'Nobody is Above the Law': Nancy Pelosi Says William Barr Lied to Congress

Speaker of the House Nancy Pelosi didn't mince her words Thursday about the attorney general of the United States. "He lied to Congress. He lied to Congress," she said of William Barr. "If anybody else did that, it would be considered a crime."

The speaker's blunt words about the nation's top law enforcement official came as Democrats have ratcheted up their fight with Barr, calling for his resignation and even threatening to hold him in contempt of Congress for failing to adhere to a subpoena from the House Judiciary Committee to provide the full, unredacted Mueller report and its underlying evidence.

In a newly released letter this week from Robert Mueller to Barr, it was revealed that the special counsel was concerned in the days following his completion of the 448-page report that Barr's four-page summary of Mueller's conclusions were misleading. Mueller urged Barr twice to release the executive summaries and redacted report that Mueller and his team prepared for Barr. Instead, Barr released the executive summaries and redacted report about three weeks later, after holding a press conference where he defended the president's frustration with the 22-month-long probe.

In the March 27 letter, Mueller told Barr the four-page summary "did not fully capture the context, nature, and substance of this Office's work and conclusions."

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"There is now public confusion about critical aspects of the results of our investigation," Mueller wrote. "This threatens to undermine a central purpose for which the Department appointed the Special Counsel: to assure full public confidence in the outcome of the investigations."

But testifying to Congress in April, the attorney general painted a much different picture of the special counsel's feelings toward his summary of the report's conclusion. Barr claimed he did "not know whether Bob Mueller supported my conclusions," weeks after Mueller first outlined his concerns in a letter.

"Nobody is above the law," Pelosi said. "Not the president of United States and not the attorney general. Being attorney general does not give you a pass to go say whatever you want."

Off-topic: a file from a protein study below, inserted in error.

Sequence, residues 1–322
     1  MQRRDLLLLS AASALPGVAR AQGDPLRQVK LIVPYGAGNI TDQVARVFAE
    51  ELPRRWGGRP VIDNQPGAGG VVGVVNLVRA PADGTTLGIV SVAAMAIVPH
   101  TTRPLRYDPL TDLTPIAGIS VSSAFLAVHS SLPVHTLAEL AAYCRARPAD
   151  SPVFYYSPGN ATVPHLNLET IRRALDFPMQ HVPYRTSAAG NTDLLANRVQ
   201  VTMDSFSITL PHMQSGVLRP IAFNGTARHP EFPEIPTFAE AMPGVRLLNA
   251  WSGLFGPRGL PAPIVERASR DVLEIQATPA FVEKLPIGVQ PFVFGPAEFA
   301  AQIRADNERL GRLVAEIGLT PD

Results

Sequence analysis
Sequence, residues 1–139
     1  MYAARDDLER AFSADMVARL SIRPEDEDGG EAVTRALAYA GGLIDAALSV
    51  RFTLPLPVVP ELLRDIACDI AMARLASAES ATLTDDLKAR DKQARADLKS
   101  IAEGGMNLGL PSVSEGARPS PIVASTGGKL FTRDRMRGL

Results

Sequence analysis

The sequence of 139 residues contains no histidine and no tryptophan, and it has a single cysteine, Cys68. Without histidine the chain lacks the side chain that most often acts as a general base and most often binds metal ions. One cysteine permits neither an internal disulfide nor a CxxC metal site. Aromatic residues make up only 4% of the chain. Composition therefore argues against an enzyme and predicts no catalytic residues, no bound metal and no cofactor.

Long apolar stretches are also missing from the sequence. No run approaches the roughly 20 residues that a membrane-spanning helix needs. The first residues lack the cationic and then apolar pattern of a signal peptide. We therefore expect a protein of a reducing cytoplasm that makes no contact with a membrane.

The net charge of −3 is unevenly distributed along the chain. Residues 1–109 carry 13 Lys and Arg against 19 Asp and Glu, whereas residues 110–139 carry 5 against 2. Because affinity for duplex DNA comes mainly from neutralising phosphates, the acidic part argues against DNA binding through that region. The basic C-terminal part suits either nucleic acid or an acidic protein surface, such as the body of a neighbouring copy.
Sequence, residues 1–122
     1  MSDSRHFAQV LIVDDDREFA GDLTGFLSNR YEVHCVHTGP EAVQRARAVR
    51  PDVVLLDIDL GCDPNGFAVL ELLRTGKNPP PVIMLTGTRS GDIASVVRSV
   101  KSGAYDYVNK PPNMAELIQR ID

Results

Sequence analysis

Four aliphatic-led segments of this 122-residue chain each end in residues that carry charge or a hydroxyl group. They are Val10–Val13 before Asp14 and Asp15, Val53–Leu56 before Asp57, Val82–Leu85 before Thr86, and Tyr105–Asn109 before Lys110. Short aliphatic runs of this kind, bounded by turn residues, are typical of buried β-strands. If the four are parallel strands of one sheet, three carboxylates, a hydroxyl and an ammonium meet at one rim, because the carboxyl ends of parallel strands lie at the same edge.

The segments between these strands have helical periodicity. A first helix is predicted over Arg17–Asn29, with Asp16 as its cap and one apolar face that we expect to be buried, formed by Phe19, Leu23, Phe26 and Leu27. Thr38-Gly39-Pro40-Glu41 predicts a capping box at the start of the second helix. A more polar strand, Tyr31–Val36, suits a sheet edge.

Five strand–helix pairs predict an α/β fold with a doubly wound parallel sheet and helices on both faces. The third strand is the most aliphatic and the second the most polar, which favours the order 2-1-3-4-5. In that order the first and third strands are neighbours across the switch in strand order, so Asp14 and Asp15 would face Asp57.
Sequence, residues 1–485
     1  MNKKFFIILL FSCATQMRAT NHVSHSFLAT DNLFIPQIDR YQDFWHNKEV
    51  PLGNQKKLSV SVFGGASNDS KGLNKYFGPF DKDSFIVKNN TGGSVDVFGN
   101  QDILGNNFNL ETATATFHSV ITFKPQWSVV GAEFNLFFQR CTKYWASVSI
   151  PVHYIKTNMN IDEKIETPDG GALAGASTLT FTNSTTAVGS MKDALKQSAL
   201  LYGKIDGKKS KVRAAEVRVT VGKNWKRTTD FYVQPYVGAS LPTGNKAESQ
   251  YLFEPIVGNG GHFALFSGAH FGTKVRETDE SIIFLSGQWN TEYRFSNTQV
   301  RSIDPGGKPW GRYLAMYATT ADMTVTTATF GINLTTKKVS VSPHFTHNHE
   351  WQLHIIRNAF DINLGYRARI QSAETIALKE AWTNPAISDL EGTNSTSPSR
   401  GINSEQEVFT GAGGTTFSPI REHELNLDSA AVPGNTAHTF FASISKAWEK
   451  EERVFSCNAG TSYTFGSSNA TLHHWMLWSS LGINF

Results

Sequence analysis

Nancy Pelosi Says William Barr Lied to Congress
House Speaker Nancy Pelosi (D-CA) speaks during her weekly news conference on Capitol Hill, May 2 in Washington, DC. Photo by Mark Wilson/Getty Images

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Asked whether Barr should go to jail for lying to Congress, the speaker hesitated before saying, "There's a process involved here. And as I said, I'll say it again, the [House Judiciary Committee] will act upon how we will proceed."

Barr testified to the Senate Judiciary Committee Wednesday, where he defended his previous remarks to Congress by arguing that the original question posed to him was whether "members of the special counsel's team"—not Mueller—were concerned. He also claimed, contrary to Mueller's letter, that in a phone call with Mueller that later took place, the special counsel was more concerned about the media coverage and less about the accuracy of Barr's four-page summary.

Barr was scheduled to testify to the House Judiciary Committee Thursday morning, but he declined to show Wednesday evening due to the plan to have the committee's staff attorneys ask questions, in addition to lawmakers.

Committee Chairman Jerrold Nadler, a Democrat, warned Barr he will only have "a day or two…maybe by Monday" to provide the Mueller report that his committee subpoenaed. Otherwise, Nadler will move forward with contempt of Congress proceedings, punishable by fines and jail time.

"We will make one more good faith attempt to negotiate and to get the access to the report that we need, and if we don't get that, we will proceed to hold the attorney general in contempt," Nadler said.

'Nobody is Above the Law': Nancy Pelosi Says William Barr Lied to Congress | U.S.